An unlicensed Vashon medical marijuana shop is still operating on the island’s main highway more than a month after dispensaries without proper licensing were closed across the state.
Island Cure, on the south end of Vashon in the 17900 block of Vashon Highway SW, has been operating past July 1, which was the deadline for folding Washington’s medical marijuana market into the state’s tightly regulated retail cannabis system.
A bright neon “open” sign above a three-foot-high green cross marks the building. Two other signs advertised the business along the street. A search Wednesday for licensed retail marijuana shop locations on the state’s Liquor and Cannabis Board website showed only one unused, non-activated license for a different business on the island.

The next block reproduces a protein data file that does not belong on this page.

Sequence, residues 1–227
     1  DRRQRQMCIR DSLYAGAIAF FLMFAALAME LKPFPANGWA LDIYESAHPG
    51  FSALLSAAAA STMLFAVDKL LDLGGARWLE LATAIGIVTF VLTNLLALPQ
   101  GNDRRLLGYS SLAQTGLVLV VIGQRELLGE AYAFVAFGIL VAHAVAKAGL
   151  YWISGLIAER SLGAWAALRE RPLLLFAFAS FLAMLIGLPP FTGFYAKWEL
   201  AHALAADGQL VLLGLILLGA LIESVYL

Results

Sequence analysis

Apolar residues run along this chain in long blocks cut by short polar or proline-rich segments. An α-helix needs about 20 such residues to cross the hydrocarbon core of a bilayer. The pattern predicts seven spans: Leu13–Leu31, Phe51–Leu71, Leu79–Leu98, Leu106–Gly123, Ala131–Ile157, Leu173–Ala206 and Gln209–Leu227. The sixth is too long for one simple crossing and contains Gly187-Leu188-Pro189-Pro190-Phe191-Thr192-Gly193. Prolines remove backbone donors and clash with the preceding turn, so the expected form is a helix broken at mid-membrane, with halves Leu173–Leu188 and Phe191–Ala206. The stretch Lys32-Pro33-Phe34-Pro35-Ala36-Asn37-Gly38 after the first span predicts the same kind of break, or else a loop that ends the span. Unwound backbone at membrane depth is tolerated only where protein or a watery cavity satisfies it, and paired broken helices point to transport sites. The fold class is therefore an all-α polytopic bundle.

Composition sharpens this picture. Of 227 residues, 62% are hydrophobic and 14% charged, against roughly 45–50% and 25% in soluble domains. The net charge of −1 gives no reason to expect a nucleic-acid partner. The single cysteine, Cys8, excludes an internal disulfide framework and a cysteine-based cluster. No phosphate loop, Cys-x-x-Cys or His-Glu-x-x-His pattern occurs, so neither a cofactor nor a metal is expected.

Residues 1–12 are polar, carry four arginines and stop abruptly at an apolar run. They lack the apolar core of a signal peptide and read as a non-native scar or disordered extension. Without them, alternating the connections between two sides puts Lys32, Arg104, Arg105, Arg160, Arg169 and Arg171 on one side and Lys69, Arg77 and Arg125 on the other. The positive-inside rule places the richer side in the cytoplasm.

Island Cure owner Kevin Bergin’s reason for staying open is simple. “Nobody told me to shut it down,” Bergin said Tuesday. He said he never received any letters or verbal instructions to stop running his business. “Then when I asked a cop two days before (July 1), he goes ‘What for?’ ” Bergin said. King County Sheriff’s Office spokeswoman Cindi West said it wasn’t her department’s responsibility to initiate enforcement. “We might enforce a grow operation at a house, but not in a business,” she said. The situation would be different in Pierce County. “We would work the case, serve a search warrant and send the case to the prosecutor,” Pierce County Sheriff’s spokesman Ed Troyer said Tuesday.